Keywords: antitrust, DOJ, compliance,

Brent Snyder, the Deputy Assistant Attorney General for Criminal Enforcement at the US Department of Justice's Antitrust Division, recently provided advice on maintaining an effective antitrust compliance program. Some of the advice is familiar but much of it is new and noteworthy. All of it merits attention.

First, he emphasized the importance of buy-in at the top, and recounted a story about a company in which the CEO and senior executives diligently attended compliance sessions, only to walk out and fix prices regularly. In the eyes of the Justice Department, adequate buy-in from the top requires (i) becoming "knowledgeable" about the compliance program; (ii) committing enough resources; and (iii) assigning the right people to the job.

Second, the entire organization must be included in compliance training. According to Snyder, this includes "most employees," especially those with sales and pricing responsibility, as well as, when "appropriate," a company's "subsidiaries, distributors, agents, and contractors." (Snyder did not elaborate on when this step becomes appropriate.) Plus, there must be an opportunity for employees to report violations anonymously and to seek guidance without fear of retaliation.

Third, the company must be "proactive" by assuring that "at risk" activities are regularly "monitored" and "audited," and regularly evaluated to determine what can be improved. (Details were not provided as to the types of activities the Division considers "at risk," or what degree of monitoring and auditing would be considered suitable.)

Fourth, the company must be prepared to discipline employees who either commit criminal violations themselves "or fail to take the reasonable steps necessary to stop the criminal conduct in the first place." The Antitrust Division's policy has been to stay out of personnel decisions. At the same time, the Division's leaders believe that a company's retention of violators in positions in which they can impede internal investigations or influence potential witnesses "raises serious questions" about the company's commitment to compliance. In a speech concerning application of the Division's leniency program, Assistant Attorney General Bill Baer echoed this same position:

If any company continues to employ such individuals in positions of substantial authority; or in positions where they can continue to engage directly or indirectly in collusive conduct; or in positions where they supervise the company's compliance and remediation programs; or in positions where they supervise individuals who would be witnesses against them, we will have serious doubts about that company's commitment to implementing a new compliance program or invigorating an existing one.

Finally, according to Snyder, a company that discovers antitrust violations should take steps to prevent a recurrence, which usually includes changing the compliance program that failed to prevent the illegal conduct in the first place.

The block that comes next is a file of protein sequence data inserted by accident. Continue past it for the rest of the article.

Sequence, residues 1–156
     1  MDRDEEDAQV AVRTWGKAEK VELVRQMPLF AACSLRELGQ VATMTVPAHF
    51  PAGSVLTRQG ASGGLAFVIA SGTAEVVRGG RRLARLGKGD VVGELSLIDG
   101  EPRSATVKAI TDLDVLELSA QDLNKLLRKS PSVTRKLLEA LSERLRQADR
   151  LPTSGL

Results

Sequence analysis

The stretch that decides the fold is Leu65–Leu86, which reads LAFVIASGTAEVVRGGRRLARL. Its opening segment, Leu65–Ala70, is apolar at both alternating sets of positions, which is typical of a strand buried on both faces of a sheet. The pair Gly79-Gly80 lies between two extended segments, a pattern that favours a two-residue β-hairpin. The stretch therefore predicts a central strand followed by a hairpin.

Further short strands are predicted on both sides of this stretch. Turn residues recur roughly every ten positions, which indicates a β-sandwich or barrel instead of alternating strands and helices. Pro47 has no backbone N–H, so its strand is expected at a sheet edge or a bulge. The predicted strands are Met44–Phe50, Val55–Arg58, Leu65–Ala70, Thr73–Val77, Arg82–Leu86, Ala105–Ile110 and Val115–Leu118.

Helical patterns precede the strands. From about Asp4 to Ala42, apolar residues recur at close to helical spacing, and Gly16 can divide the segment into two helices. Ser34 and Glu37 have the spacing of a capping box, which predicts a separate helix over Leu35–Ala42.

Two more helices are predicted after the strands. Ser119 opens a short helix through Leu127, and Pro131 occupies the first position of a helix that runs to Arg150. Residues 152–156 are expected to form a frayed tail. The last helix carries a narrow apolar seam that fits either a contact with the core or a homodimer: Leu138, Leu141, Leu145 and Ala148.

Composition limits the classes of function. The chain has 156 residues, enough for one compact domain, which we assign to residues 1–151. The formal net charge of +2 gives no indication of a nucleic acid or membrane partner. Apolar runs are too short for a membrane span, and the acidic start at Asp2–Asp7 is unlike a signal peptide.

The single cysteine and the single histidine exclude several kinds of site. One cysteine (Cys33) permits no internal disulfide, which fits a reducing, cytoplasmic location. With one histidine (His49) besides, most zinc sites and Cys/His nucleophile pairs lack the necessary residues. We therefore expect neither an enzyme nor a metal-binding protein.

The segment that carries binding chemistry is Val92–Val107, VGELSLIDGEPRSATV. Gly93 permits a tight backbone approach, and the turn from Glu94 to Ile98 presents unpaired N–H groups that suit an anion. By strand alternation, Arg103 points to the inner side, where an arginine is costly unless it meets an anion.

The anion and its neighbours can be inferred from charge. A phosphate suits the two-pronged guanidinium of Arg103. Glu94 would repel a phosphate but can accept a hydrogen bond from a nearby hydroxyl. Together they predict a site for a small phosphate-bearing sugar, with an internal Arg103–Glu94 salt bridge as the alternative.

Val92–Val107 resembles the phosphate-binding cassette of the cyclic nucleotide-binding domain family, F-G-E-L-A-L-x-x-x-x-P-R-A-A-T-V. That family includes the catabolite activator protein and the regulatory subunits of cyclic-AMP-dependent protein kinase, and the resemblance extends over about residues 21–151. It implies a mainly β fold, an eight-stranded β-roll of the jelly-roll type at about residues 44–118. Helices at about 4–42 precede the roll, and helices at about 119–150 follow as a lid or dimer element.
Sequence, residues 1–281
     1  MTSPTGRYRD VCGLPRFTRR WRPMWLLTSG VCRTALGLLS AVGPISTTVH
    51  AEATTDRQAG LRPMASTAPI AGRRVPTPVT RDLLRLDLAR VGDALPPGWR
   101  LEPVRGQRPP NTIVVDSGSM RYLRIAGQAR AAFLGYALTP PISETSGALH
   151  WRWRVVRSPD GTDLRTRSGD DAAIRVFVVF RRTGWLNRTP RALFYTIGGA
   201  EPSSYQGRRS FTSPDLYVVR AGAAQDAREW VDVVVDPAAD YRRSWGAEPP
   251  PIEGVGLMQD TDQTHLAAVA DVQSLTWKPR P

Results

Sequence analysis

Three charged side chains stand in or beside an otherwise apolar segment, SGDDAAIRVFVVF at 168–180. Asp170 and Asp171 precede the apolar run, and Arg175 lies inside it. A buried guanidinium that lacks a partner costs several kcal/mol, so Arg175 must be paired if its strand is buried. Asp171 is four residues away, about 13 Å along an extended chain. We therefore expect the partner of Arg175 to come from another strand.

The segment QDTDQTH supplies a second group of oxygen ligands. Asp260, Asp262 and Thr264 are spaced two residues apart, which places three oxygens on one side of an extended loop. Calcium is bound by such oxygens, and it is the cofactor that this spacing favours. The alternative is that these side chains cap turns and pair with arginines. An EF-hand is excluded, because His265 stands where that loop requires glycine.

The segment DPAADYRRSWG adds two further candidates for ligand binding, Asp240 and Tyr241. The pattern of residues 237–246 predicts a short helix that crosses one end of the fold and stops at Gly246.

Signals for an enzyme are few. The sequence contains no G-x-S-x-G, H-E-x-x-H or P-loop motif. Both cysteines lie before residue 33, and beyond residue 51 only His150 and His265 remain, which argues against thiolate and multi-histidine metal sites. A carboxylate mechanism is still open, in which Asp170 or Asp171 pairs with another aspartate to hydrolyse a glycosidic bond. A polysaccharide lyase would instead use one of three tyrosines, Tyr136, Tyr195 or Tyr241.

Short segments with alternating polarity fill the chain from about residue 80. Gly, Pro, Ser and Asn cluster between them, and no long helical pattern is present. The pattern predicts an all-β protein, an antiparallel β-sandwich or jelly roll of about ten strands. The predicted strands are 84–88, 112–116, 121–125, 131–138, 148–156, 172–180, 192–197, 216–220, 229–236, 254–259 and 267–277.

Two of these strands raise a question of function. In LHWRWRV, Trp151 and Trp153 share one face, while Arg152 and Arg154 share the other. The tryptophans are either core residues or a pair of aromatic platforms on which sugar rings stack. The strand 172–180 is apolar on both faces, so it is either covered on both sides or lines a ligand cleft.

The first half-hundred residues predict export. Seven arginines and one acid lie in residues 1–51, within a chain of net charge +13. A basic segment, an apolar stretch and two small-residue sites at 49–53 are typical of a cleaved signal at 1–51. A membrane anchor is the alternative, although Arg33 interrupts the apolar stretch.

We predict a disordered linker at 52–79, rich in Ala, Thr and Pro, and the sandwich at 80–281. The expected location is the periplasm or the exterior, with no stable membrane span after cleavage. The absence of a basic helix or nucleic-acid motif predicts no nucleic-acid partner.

Snyder emphasized that the mere existence of a compliance program almost never enables a company to avoid criminal antitrust charges, and that the Division almost never recommends that companies should receive credit at sentencing just for having had a compliance program. The Sentencing Guidelines provide for lower culpability scores for companies that have "effective" compliance programs, and the Division does not consider a company eligible for such credit unless it has discovered and self-reported the violation by turning itself in under the Division's leniency program.

Nevertheless, implementation of an effective compliance program may benefit a company even if the company does not qualify for full leniency under the leniency program (because a competitor turned itself in first, for example). A company that pleads guilty without the benefit of full leniency, but can show that it adopted or strengthened a compliance program, may be able to avoid court-supervised probation and the appointment of a compliance monitor, which comes at the company's expense. (A "second in" leniency applicant also may qualify for a lighter sentencing recommendation by providing valuable assistance to the Division in uncovering additional wrongdoing.)

Naturally, speeches of this kind are designed to strike a certain amount of fear into the hearts of compliance officers, but they provide important insight into the government's priorities and must be taken seriously. It makes little sense to fashion a costly, state-of-the-art compliance program only to find that the government deems the implementation of that program to have been inadequate.

Bottom Line: It is not enough simply to have a compliance program. If someone within a company engages in fixing prices, rigging bids, limiting output or dividing customers with competitors, the company will need to demonstrate that it had a top-down, broad-based, proactive program, with teeth as well as safeguards, if it expects any empathy on the part of the Antitrust Division.

Originally published 2 March 2015

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